The Science of Endurance
While standing at Mile 24 during the New York City Marathon, Michele Monaco, DSc., associate professor of Exercise Science at Immaculata University, was experiencing “endurance medicine” up-close and personal.
Within six months, Monaco had volunteered for four marathons–not to participate as an athlete, but to help the athletes during the marathon. Last October, a friend asked Monaco to volunteer with the finish line medical team at the Chicago Marathon. Soon thereafter, she found herself at the New York City Marathon and the Philadelphia Marathon, accompanied by three athletic training students from Immaculata University. Then came the nation’s oldest and most prestigious marathon in Boston. Monaco witnessed history when the first woman who tried to run in the Boston Marathon 50 years earlier (when women were not allowed), ran the marathon again at age 70.
“Endurance athletes are unique beasts,” Monaco explains with a grin. Having run half and full marathons herself, Monaco understands the tenacity required for endurance athletes. “I know the mental status of these athletes: first-timers tend to push through anything and everything.” But she asks, how much can you put your body through?
With a headset connected to Central Command during the Chicago Marathon, Monaco and the medical staff were alerted when a runner was flagged. While running a marathon, athletes typically encounter acute injuries such as dehydration, blisters, or hurt knees. However, there are also times when a runner needs treatment at the ICU. Although the average person would not suspect such an immense operation, the volunteers were capable of servicing anything from every-day scrapes and podiatry issues to people with cardiac problems or chest pain. In Boston, three medical tents provided support, including the Heat Illness Deck, utilized specifically for heat exhaustion and heat stroke.
As a professional who treats athletes on sports teams, helping people of all ranges and abilities cross the finish line was extremely satisfying, both personally and professionally for Monaco. In addition, she is gaining familiarity with an exclusive component of her profession, and she is working with some of the best medical directors in the country.
Another thing that Monaco has gained from her marathon experiences is the ability to remain calm even when exposed to intense injuries. “During her career, she has treated a variety of sports injuries, including cervical and spine injuries but, she admits, she has never had to deal with such extensive, potential life-threatening injuries in one day.
Monaco recalls the woman that she treated at Mile 24 in New York. “You’re two miles from the finish line so you don’t necessarily want to pull them [from the race].…you want to encourage them.” However, it was Monaco’s duty to evaluate. It was at Mile 24 in Central Park where she encountered a woman with high-core body temperature, which is life-threatening as it could become heat stroke. This woman also had collapsed veins, so putting in an IV to get fluids into the patient was very challenging—and she spoke French! With the onset of heatstroke, the woman was cognitively disoriented so Monaco found it difficult to garner her medical history. To make matters worse, the only emergency contact information was a French number. By staying calm and attending to the needs of the patient, Monaco was able to help.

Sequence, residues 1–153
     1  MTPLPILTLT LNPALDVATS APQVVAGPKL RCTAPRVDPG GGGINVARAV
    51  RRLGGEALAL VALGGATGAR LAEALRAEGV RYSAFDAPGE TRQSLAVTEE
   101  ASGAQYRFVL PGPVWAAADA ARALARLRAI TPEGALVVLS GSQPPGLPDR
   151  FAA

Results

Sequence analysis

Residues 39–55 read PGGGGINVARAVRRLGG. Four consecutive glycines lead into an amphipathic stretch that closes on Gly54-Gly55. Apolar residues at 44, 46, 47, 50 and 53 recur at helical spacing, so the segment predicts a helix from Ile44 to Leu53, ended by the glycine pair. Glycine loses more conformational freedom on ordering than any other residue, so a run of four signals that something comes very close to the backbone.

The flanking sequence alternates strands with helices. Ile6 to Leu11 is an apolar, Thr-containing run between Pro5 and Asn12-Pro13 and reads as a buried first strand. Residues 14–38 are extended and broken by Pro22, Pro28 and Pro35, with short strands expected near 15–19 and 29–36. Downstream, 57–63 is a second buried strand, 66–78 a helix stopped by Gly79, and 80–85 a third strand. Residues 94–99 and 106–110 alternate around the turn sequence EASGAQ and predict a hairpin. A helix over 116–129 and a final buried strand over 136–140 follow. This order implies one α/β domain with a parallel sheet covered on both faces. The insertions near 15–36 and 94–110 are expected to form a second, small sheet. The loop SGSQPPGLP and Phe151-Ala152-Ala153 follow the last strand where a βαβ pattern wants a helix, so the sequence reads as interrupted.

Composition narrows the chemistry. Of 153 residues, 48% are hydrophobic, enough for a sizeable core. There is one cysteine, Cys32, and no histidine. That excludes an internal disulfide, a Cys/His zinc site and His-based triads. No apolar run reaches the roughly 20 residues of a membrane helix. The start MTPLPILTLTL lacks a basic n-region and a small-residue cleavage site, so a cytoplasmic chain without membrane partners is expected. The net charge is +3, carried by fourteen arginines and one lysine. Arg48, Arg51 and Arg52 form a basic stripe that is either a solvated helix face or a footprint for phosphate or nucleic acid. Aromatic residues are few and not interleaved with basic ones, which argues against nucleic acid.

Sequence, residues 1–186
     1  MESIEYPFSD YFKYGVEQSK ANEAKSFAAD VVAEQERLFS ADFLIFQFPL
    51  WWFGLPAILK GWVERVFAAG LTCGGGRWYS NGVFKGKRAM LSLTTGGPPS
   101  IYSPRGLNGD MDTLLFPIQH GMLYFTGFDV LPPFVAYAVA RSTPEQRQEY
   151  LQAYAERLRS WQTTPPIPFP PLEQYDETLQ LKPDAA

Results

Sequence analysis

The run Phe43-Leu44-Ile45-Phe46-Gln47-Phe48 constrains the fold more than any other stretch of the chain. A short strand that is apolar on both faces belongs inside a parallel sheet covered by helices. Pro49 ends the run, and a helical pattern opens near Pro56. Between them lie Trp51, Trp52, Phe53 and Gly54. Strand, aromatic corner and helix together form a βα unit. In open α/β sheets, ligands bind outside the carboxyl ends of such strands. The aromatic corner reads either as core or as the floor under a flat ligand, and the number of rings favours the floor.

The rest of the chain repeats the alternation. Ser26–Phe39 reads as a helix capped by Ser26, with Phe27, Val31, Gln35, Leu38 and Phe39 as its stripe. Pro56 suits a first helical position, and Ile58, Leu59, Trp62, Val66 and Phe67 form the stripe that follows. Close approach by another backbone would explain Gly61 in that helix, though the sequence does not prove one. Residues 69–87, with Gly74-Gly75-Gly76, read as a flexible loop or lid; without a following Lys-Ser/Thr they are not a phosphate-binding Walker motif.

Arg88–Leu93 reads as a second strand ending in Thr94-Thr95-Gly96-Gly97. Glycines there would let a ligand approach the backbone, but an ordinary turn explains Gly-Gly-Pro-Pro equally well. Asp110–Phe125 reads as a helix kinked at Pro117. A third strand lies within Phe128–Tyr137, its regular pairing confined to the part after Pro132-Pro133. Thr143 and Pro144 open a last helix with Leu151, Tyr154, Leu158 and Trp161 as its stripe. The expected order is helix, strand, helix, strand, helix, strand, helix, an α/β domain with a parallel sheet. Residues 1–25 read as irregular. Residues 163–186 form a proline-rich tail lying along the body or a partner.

Less than a month later, Monaco found herself alongside Immaculata students, Kenny Anderson ’17, Annemarie Bartow ’18 and Joe Sullivan ’17, at the Philadelphia Marathon where no athletic training students had ever volunteered. The students were with Monaco at the finish line and through her instruction, helped the runners to continue past the finish line so their bodies had time to transition from a running motion. With the food tent closer to the finish line than the medical tent, Monaco and the students discovered that many athletes had bypassed the medical tent to grab food first and then began to cramp up inside the food tent. Monaco requested medical assistance there instead.
For the size and scope of the Philadelphia Marathon, Monaco noticed that there was not a large medical staff. Operating her own athletic training consulting services, serving as secretary of the Eastern Athletic Trainers’ Association, and with the experience she gleaned from the NY and Chicago marathons, Monaco felt she might be able to enhance the Philadelphia event. She sent the officials from the Philadelphia Parks and Recreation [who run the Marathon] a proposal to oversee the education of the Philadelphia Marathon medical team. After attending the extensive mandatory medical training for the Chicago, New York and Boston marathons that included physical training and a session with Homeland Security, she envisioned a more structured training policy for Philadelphia. She also offered to provide training and credentialing for volunteers and to create an organizational chart for the volunteers. Also included in the proposal was how to utilize students and conduct triage. Monaco is waiting to hear back from representatives from the Parks and Recreations regarding her proposal.
In the meantime, she has taken on an expanded role within the Chicago Marathon and will oversee a medical group next time. She is also considering volunteering for the Iron Man competition in Arizona and is continuing her research on sports-related concussions while teaching full-time and raising teenagers.
Realizing there is a term for endurance athlete, there must certainly be a term for endurance professors.